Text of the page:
10x? We verbed that. Google that fact.

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Over 60 years ago, Albert Einsteins brain was stolen, dissected and sent in pieces all around the world "IndyWatch Feed Tech"

Einsteins secret to an incredibly intelligent brain may be in part to how well his brain aged

Samples of his brain revealed he was missing a protein Lipofuscin, a not so well understood compound which contains lipid residues of lysosomal digestion that accumulates in the brain liver kidney, heart muscle, retina, adrenals, nerve cells, and ganglion cells.

Lipofuscin busting drugs could have a lot of potential for anti-aging therapies for the future.


AMD AOCC Compiler 1.1 Released For Zen CPUs "IndyWatch Feed Tech"

AOCC 1.1 is the second public release of the AMD Optimizing C/C++ Compiler designed for Ryzen/Threadripper/EPYC processors...


The Court of Appeals for the Federal Circuit (CAFC) Revisits Divided Infringement "IndyWatch Feed Tech"

Judge OMalley on Travel Sentry v Tropp

Divided infringement
Reference: Divided infringement

Summary: Alluding again to the Akamai case (a famous GNU/Linux user), the Federal Circuit debates the practice of working around patents in creative ways

IN a recent case which is not about patent scope, the Court of Appeals for the Federal Circuit (CAFC) ruled on divided infringement.

While more radical sites such as Watchtroll wrote about it, so did more moderate sites. This recent interpretation of the Akamai test may at the very least make it more difficult for accused infringers to have divided infringement cases dismissed at the summary judgement stage, said a blog a couple of weeks ago.

Divided infringement is explained below:

Enforcing a patent with claims that raise the specter of divided infringement can be a difficult plight for patent owners. Even under the more liberal standard set forth in the Federal Circuits en banc decision in Akamai v. Limelight, it has proven difficult for patent owners to establish the necessary levels of control or cooperation between two or more parties who together perform the steps of a method claim. However, the Federal Circuit decision in Travel Sentry, Inc. v. Tropp suggests that the requisite level of cooperation or control should be considered broadly. This recent interpretation of the Akamai test may at the very least make it more difficult for accused infringers to have divided infringement cases dismissed at the summary judgement stage.


The Federal Circuit was authored by Judge OMalley and joined by Judges Lourie and Taranto.

Divided infringem...


Re: SQUID-2018:2 Denial of Service issue in HTTP Message processing "IndyWatch Feed Tech"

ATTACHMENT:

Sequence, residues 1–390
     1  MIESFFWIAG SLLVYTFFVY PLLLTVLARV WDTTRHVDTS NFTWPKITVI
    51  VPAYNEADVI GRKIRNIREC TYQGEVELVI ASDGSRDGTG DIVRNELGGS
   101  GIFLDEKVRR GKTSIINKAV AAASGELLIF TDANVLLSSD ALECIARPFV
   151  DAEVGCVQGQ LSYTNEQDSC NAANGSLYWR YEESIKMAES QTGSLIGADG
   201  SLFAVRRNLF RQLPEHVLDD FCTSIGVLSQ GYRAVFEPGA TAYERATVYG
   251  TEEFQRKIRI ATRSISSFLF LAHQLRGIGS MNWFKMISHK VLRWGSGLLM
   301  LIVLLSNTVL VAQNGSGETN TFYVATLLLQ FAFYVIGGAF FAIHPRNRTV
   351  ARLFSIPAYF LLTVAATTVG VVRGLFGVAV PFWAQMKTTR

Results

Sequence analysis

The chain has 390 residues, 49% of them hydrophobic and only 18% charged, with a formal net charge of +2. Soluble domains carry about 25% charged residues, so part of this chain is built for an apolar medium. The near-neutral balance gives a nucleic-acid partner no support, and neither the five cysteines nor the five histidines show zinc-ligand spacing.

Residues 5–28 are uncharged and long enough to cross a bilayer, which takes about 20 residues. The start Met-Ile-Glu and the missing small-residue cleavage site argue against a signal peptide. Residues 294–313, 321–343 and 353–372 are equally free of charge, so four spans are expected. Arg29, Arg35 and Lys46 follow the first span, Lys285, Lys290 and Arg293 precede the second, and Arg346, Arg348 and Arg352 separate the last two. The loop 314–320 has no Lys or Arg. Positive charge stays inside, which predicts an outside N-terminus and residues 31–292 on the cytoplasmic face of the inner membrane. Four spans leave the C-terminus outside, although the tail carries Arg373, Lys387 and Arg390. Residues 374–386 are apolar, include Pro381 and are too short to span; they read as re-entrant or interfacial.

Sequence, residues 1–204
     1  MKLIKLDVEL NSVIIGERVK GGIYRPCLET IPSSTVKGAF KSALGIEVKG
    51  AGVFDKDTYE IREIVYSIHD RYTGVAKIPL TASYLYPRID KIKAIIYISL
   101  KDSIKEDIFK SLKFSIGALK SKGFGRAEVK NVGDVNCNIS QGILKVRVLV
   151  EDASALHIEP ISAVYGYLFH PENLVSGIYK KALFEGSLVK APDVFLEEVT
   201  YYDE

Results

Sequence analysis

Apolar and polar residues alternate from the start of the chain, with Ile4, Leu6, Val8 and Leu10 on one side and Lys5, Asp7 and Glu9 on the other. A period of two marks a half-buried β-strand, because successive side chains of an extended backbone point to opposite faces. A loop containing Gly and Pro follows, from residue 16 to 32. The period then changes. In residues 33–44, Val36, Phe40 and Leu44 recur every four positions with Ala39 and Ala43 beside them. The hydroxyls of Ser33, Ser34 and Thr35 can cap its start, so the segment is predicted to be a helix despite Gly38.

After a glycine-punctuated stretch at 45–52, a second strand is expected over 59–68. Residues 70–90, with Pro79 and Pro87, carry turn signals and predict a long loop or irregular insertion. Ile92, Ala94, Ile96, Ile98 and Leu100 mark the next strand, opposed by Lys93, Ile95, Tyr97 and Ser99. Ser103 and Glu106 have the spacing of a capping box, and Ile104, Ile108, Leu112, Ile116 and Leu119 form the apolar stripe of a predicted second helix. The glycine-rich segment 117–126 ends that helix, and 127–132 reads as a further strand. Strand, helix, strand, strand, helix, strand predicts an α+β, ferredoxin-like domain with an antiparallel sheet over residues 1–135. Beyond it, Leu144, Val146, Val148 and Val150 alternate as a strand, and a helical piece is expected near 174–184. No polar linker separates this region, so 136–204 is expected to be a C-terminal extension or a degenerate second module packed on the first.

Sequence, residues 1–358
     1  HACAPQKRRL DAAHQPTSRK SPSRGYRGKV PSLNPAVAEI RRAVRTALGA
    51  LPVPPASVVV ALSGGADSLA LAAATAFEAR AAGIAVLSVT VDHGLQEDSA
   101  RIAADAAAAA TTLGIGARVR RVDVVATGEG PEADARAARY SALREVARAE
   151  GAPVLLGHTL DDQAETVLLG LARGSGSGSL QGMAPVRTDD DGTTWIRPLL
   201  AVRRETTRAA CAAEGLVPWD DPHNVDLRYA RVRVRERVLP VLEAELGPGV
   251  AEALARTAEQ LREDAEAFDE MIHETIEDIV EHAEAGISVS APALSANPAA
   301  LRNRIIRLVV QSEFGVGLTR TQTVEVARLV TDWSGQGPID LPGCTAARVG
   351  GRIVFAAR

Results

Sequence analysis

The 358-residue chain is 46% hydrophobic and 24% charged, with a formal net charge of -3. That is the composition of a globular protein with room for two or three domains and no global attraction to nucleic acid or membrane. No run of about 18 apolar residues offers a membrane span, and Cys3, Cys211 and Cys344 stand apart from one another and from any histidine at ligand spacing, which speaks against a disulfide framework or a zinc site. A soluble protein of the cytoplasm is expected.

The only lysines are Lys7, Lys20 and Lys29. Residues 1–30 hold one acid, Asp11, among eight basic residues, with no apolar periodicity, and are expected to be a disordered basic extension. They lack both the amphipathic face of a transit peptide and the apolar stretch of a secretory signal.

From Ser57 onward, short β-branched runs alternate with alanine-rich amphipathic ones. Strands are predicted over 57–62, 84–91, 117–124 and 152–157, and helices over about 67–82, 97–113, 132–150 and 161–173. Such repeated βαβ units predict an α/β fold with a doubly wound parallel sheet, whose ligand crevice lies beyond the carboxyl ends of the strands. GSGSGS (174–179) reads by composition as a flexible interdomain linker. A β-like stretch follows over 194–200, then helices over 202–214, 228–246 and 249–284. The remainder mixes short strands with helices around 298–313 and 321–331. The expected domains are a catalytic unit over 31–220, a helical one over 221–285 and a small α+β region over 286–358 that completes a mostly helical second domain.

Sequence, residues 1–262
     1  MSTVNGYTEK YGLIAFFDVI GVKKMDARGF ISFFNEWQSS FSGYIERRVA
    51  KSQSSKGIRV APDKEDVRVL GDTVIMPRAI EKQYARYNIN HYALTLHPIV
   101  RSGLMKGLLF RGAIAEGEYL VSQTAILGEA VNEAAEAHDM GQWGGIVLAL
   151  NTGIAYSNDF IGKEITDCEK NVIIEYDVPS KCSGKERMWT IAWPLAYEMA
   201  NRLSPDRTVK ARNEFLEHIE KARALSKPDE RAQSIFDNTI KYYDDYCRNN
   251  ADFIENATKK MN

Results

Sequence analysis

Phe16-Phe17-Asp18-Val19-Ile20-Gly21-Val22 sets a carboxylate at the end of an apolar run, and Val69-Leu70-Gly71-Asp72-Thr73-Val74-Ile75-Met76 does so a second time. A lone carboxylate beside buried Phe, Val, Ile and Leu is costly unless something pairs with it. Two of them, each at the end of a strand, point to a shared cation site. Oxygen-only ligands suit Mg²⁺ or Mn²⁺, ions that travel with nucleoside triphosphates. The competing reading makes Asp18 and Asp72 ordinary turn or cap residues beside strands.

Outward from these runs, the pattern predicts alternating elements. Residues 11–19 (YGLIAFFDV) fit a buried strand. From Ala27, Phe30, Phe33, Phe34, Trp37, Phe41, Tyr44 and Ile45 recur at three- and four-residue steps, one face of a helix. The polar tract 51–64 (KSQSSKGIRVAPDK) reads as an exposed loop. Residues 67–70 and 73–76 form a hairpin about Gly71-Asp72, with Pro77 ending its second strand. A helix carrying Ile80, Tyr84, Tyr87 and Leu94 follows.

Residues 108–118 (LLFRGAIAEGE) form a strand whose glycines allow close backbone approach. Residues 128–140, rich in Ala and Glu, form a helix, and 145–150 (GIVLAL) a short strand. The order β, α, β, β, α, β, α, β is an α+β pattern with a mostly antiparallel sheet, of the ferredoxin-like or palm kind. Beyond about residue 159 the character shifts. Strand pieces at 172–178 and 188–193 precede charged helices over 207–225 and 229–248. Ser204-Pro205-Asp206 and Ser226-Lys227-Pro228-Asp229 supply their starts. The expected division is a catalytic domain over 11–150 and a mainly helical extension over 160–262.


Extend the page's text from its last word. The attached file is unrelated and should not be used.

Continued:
Posted by Amos Jeffries on Jan 28


Amos Jeffries
The Squid Software Foundation


Re: SQUID-2018:1 Denial of Service issue in ESI Response processing "IndyWatch Feed Tech"

Posted by Amos Jeffries on Jan 28


Amos Jeffries
The Squid Software Foundation


The Anti-PTAB (Patent Trial and Appeal Board) Lobby is Partly Funded by the Koch Brothers and the Right Wing "IndyWatch Feed Tech"

All fees ought to be paid/accommodated for by the party that pursued bogus patents

Inside How the Federalist Society & Koch Brothers Are Pushing for Trump to Reshape Federal Judiciary
Reference: Inside How the Federalist Society & Koch Brothers Are Pushing for Trump to Reshape Federal Judiciary

Summary: The Conservative effort to bypass the legal process (e.g. by exploiting Native Americans for their immunity) and defend terrible patents; more examples of awful attempts to simply dodge justice like those defended by the blowhards of the patent microcosm (Watchtroll et al)

THE Patent Trial and Appeal Board (PTAB) is a wonderful thing. To oppose PTAB is to oppose patent quality itself.

Who would oppose PTAB? Check out this upcoming event from a right-wing think tank. In it, Microsofts front group the Business Software Alliance (BSA) is trying to change policy so as to enable a scam around PTAB (Michael Shore the "scammer" is there also, not just the Vice President of Global Policy at BSA). Its a stacked panel.

Who promotes this thing? Mr. Mossoff, a Koch-funded scholar best known for defending patent trolls and other predatory behaviour. He speaks of abuses of PTAB as if PTAB itself is abusive. Its like these people come from another planet.

Patently-O, which has engaged in endless PTAB bashing for a very long time, spoke about patent games the other day. A patent was deemed unpatentable, whereupon came not an objection but games: